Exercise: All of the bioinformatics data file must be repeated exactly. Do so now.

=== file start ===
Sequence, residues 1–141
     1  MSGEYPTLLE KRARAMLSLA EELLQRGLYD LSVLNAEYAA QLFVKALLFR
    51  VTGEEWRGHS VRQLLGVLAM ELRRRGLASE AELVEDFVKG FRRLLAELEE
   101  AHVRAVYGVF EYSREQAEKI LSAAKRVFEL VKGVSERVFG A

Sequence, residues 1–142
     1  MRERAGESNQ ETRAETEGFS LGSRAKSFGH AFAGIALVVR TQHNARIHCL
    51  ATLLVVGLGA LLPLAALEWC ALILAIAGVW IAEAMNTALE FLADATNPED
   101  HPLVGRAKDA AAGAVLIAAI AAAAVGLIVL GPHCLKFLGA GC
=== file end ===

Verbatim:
Sequence, residues 1–141
     1  MSGEYPTLLE KRARAMLSLA EELLQRGLYD LSVLNAEYAA QLFVKALLFR
    51  VTGEEWRGHS VRQLLGVLAM ELRRRGLASE AELVEDFVKG FRRLLAELEE
   101  AHVRAVYGVF EYSREQAEKI LSAAKRVFEL VKGVSERVFG A

Sequence, residues 1–142
     1  MRERAGESNQ ETRAETEGFS LGSRAKSFGH AFAGIALVVR TQHNARIHCL
    51  ATLLVVGLGA LLPLAALEWC ALILAIAGVW IAEAMNTALE FLADATNPED
   101  HPLVGRAKDA AAGAVLIAAI AAAAVGLIVL GPHCLKFLGA GC